First resolution: read this article.
Become a mentor? Volunteer more? Reach out to old friends? Get more exercise? Start a business that nets $1 million a month? Some New Year’s resolutions are easier than others – but research shows setting goals definitely makes sense. Research also tells us how to increase the odds that we reach those goals.
As Psychology Today reported last December as many of us were considering our resolutions, few actually succeed at keeping them. The evidence: In a series of studies, researchers from the University of Scranton followed 200 people who made New Year’s resolutions over a two-year period. Some 77 percent kept their resolutions… for a week. A month out, 64 percent reported success. That figure fell to 50 percent after three months and 46 percent after six months. Only 19 percent said they were successful when researchers followed up two years later.
One problem, as reported in a study published by the American Psychological Association, is something called “false hope syndrome.” According to the study, this cycle of failure “is characterized by unrealistic expectations about the likely speed, amount, ease and consequences of self-change attempts.”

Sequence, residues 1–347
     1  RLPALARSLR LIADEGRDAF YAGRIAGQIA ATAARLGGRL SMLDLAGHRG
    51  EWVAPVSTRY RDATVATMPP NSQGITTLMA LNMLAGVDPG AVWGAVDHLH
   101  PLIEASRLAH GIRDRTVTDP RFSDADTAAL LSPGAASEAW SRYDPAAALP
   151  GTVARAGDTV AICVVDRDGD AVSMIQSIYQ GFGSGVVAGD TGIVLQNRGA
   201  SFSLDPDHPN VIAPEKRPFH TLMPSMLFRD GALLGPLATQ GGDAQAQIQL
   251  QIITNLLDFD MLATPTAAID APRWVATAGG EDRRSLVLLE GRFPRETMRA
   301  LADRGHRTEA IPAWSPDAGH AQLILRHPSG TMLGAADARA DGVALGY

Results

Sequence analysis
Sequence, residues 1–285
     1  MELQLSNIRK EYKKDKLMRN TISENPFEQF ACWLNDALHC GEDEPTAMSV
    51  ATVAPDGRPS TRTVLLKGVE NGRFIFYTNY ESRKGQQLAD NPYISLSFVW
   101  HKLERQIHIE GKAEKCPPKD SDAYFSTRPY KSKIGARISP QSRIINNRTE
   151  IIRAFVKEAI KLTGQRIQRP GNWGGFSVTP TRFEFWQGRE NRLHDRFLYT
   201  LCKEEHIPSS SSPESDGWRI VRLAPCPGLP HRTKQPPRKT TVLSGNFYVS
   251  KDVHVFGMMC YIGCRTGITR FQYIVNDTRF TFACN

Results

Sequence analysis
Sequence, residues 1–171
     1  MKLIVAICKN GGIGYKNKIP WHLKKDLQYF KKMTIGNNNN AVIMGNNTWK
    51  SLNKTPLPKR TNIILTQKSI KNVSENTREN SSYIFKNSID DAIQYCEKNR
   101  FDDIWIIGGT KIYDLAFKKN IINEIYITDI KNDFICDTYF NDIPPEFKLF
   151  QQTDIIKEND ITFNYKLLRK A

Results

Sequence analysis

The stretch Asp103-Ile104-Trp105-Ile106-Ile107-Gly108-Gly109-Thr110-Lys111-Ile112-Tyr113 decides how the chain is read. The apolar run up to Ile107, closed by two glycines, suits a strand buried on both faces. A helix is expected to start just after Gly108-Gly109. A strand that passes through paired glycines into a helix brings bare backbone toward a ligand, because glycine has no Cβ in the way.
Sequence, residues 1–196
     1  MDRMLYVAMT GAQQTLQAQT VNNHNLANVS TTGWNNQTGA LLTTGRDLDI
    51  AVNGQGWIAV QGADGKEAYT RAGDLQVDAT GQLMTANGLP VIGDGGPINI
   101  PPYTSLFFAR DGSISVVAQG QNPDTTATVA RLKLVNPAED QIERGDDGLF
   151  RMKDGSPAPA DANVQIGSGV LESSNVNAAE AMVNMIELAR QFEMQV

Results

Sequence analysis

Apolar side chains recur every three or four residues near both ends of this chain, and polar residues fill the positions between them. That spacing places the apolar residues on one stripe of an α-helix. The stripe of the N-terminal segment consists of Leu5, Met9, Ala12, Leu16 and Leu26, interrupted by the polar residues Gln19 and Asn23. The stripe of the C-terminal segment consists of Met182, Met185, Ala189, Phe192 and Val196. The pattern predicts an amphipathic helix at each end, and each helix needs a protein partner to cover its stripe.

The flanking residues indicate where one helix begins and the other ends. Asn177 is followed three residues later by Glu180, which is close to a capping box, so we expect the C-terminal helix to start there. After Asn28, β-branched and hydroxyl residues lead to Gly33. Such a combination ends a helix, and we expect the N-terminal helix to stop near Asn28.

But there is good news
The study also found that resolution makers were 10 times more likely to have made some kind of positive change after six months, compared to people who wanted to change but did not make a New Year’s resolution. So there you have it: Making a resolution may well be worthwhile. The real question is how to make it stick?
Be SMART – Specific, Measurable, Achievable, Realistic and Time-bound. Saying you’re going to exercise more isn’t measurable. Deciding to exercise some way – golf, tennis, bicycling, walking, etc. – three times a week is using the SMART method.
Have a reward in mind for when you reach a designated point in your goal plan. It doesn’t have to be when you complete the goal. Pick a certain point and enjoy a reward then.
Be realistic with your goals. Recontacting all those old friends in one day is a lot. Slow and steady wins the race.
Don’t practice all-or-nothing-ism. A slip doesn’t have to be the end of your resolution. The aforementioned study also noted that 71 percent of people who were successful in their resolutions slipped in the first month – but they persisted.
Make it fun if possible. Sitting on an exercise bike can be boring. But using one with a TV may not be so bad. A long walk in the fresh air may be even better.
Keep a log. This will help you stay accountable to yourself.
Seek support. At Shepherd Living communities, the staff is always available to provide advice, and you will undoubtedly find residents who would love to go for regular walks.